Here is a keyboard tray:
For someone who is short, and works in a typical cubical in the United States (where the desk height cannot be adjusted), raising the chair will stop your feet from being properly flat on the floor, which causes back problems. Patricia Shanahan's link to the Mayo Clinic guide is a good one to understand proper configuration, but higher chair with a foot-stool is not ideal.
In my office, I am the only one who is short enough to need a keyboard tray. I requested one from my company, and they installed it for me (it is one of the adjustable ones you bolt under the bottom of the desktop). I've been comfortable at work ever since. If you have a keyboard-centric job, it is reasonable to ask for this. I have had some pushback at other companies when asking for ergonomic equipment - I recommend doing a little research if they are reluctant, so you can come back and point out the potential dangers to your body long-term from a bad setup. It might also help, if they try the "now everyone will want this equipment" argument, to point out that no one else actually needs it, so they don't need to worry about everyone asking. I had to do this when asking for an ergonomic mouse after everyone in the office had seen me wearing a wrist brace, and pointed out that the potential loss of the use of my hand was much worse than the price of an expensive mouse.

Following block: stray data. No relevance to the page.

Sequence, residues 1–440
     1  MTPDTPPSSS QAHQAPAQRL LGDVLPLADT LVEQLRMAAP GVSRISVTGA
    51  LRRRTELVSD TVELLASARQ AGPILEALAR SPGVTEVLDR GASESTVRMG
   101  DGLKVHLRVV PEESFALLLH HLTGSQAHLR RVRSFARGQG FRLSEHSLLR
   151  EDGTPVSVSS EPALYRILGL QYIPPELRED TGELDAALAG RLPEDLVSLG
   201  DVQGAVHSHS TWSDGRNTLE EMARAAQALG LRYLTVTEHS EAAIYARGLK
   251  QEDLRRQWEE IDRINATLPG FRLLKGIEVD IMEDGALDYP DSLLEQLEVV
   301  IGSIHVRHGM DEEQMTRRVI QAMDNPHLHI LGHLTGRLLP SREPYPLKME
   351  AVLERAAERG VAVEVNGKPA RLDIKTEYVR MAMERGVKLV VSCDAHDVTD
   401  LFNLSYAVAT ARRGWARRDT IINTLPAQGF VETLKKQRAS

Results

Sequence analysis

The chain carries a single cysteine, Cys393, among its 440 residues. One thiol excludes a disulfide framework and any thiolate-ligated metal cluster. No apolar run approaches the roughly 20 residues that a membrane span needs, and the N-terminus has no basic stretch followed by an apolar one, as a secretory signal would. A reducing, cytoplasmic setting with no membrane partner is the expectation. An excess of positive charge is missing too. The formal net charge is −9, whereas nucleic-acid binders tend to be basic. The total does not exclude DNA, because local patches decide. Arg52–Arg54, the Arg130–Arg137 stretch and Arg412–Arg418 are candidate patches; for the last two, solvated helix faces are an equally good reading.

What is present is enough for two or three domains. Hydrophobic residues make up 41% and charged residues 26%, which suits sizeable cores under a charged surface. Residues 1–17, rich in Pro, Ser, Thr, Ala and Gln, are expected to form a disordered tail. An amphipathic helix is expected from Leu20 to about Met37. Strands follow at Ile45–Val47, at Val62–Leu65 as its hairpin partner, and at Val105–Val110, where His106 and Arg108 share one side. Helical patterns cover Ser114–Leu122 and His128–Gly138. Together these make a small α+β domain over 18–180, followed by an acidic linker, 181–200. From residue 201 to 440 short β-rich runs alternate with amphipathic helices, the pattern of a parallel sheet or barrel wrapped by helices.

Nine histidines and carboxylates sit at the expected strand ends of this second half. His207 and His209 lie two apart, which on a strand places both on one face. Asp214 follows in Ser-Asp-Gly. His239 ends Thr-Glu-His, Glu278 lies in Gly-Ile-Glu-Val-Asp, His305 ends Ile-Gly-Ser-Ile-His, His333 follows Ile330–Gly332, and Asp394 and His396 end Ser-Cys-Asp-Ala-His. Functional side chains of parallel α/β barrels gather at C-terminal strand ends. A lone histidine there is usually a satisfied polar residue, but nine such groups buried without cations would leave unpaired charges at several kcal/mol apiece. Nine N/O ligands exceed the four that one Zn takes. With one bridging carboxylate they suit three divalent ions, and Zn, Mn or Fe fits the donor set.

Footrests are also an option, but having tried this with other employers, they do not work as well as a properly configured workstation with an adjustable keyboard tray (and monitors lowered to the proper height). It's easy to kick them, move them around, stub your toe on them, etc. If your company absolutely refuses to help you though (which can happen) you might be able to bring in a box for your feet. Try to get one that is very wide so you can move your feet around a bit, since most foot rests are pretty narrow.